Bad Moon Rising
Volatility returned to world asset markets in 2007 in a major way. The S&P 500 finished the year with a total return of 5.49% and risk (measured by standard deviation) of 9.66%. By comparison in 2006 the S&P 500 returned 15.79% with a bond-like risk level of 5.64%. Neither 2006 nor 2007 bear much resemblance to historical performance trends: for the period 1979 – 2007 the annual average return of the S&P 500 was 13.18% with standard deviation of 14.69%. As 2008 gets underway we see volatility continuing to be the contextual backdrop for a year potentially fraught with economic and political uncertainty.
Some years are good ones in which to outperform on a relative basis, while in others the primary goal is simply to make, not lose money. After all, outperformance doesn’t amount to much if it means “lost less money than the index”. While we do not necessarily think negative performance is the highest probability outcome for 2008 we think the risks are strongly oriented towards the downside. Our portfolios reflect a defensive bias against what we see as the major potential threats this year. In the following pages we discuss these in detail.
The US economy is edging close to recession territory and may turn negative for at least part of the year. The Wall Street Journal’s consensus estimate from 52 leading economists is for 2.0% real GDP growth for the full year but that same consensus sees a 42% chance of recession. We also think that below-trend but positive growth is the highest-probability outcome but see considerable volatility underlying that estimate, the main source of which volatility is US consumer spending.
That greater volatility is skewed to the downside as a sharp drop in consumer spending – which accounts for over 70% of US GDP – is more likely than an upside surprise. Global inflation has also been ticking up in recent months and that raises the possibility of stagflation, that 1970s-era combination of anemic growth and high inflation. Higher prices are clearly hitting consumers where it hurts them most – at the gas pump, the grocery check-out aisle and the doctor’s waiting room.
The twin beasts of credit market meltdown and housing market plunge cast a long shadow over the second half of 2007 and continue to stalk the landscape in the early weeks of this year. Bargain hunters are scarce and it could be some time before longer- term trends reassert themselves, with a reasonable possibility for further declines.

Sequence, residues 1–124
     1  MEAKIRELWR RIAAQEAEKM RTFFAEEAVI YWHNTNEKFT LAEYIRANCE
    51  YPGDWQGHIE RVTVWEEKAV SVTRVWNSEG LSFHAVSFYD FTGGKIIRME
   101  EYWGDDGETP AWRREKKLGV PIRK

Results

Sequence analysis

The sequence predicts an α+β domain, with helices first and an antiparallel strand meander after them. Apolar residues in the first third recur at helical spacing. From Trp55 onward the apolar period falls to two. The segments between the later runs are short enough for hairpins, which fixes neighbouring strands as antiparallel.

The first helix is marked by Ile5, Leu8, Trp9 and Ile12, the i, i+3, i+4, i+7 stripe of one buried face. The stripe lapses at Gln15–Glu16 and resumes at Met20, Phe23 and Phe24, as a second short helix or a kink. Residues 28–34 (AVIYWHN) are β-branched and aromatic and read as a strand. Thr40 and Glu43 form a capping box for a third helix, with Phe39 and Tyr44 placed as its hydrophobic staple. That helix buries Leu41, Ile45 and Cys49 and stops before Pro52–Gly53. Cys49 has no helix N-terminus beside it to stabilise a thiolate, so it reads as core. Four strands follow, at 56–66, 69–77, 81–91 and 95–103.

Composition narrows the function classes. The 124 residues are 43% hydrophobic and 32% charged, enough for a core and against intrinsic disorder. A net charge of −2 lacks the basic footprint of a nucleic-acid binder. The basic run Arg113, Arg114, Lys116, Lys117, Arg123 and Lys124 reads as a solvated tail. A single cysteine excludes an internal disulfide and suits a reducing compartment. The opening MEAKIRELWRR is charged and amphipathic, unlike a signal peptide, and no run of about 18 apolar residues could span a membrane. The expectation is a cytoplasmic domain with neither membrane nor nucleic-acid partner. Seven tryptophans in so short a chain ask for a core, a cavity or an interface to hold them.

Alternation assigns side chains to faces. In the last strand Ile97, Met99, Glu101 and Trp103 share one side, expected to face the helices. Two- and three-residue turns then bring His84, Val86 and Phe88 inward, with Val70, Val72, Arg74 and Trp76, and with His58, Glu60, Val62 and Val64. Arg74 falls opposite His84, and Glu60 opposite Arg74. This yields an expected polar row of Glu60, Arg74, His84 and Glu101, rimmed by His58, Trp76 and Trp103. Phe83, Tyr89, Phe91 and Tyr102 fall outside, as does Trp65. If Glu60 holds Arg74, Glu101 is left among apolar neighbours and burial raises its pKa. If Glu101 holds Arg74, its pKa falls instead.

2008 is an election year in a number of hotspots including Russia and Pakistan – and oh, of course we have something here in the US as well. We don’t see much of a correlation between US market performance and the victory of any particular party or candidate – but election years create their own odd dynamics and the potential for ill-advised government policies coming out of ham-handed attempts to secure political positioning.
The US equity market is having a terrible decade. Historical comparisons and current valuation levels argue for an uptrend, but fundamental economic realities don’t paint as clear a picture. We think the likelihood is better than not that the broader US markets will not end the year in the red – but the real story this year is not expected return but the magnitude of deviation from expectations – which we think is very high.
Our views on style performance among US equity asset classes focus on the importance of capitalization relative to valuation: in other words, we think the most critical style decision to make this year is increased weighting among high-quality large and mega- cap names while we maintain a relatively neutral view on value versus growth.
In international equity markets the two main stories have been currency-driven outperformance by countries with free-floating currencies and the long, profitable run of emerged/emerging markets. The fundamentals don’t look much different today than a year ago – the dollar remains in a relative position of weakness and the secular 3-5 year outlook for emerging markets is robust – but in 2008 we could see a mini-cycle of reversal to the longer-term trend.
Fixed income markets reflect ongoing instability in the credit markets as the past year’s Summer of Subprime continues to cast its shadow. Quality spreads continue to widen though not as dramatically as was the case several months ago. The benefits of interest rate cuts will not fall anywhere near to equally across the different sectors of the credit markets. In our view flight to quality will be the central theme this year.
We have increased our exposure to alternative asset classes for low correlation benefits that we believe are of particular importance this year, with a favorable view towards commodities among high volatility alternatives and equity market neutral as a viable low volatility strategy.